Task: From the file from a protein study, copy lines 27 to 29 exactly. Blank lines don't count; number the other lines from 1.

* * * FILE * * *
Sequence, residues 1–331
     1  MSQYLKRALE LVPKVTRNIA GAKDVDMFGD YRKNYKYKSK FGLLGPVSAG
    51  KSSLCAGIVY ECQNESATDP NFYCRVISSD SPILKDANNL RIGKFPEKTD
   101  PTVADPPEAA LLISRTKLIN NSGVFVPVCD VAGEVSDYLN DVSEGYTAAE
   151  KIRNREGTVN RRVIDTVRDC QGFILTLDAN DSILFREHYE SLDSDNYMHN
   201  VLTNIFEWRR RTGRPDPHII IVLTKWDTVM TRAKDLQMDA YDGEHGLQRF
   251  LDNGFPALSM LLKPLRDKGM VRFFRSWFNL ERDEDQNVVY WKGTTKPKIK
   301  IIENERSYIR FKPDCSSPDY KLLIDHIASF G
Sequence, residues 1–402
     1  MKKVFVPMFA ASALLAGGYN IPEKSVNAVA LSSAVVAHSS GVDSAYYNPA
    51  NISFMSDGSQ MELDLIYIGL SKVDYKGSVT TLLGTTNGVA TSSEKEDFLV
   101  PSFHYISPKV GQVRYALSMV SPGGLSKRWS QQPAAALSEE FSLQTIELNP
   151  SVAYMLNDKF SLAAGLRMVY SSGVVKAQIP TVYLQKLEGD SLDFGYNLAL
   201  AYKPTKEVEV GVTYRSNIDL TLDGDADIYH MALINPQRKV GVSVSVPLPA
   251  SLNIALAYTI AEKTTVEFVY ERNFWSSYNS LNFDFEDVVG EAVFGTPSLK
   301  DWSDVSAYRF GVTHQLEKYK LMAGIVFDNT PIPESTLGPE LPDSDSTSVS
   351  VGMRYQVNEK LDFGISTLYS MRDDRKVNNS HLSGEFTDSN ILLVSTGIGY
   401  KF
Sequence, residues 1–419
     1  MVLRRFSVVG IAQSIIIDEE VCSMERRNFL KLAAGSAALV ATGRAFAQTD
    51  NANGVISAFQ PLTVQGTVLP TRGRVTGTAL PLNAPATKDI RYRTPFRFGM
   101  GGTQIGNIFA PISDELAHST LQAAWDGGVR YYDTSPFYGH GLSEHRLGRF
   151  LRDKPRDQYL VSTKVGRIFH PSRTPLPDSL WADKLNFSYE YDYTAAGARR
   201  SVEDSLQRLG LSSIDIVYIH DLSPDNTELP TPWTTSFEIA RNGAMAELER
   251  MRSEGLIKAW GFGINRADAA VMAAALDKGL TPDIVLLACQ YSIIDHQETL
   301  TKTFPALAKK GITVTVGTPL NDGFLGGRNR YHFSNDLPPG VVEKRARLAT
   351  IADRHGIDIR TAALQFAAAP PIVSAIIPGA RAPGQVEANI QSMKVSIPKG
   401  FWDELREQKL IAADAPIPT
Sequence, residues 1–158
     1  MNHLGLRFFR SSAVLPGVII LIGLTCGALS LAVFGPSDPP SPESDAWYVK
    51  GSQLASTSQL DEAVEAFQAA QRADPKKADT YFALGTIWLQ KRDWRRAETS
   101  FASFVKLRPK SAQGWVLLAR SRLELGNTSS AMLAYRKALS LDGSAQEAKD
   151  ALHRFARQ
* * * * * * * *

   351  IADRHGIDIR TAALQFAAAP PIVSAIIPGA RAPGQVEANI QSMKVSIPKG
   401  FWDELREQKL IAADAPIPT
Sequence, residues 1–158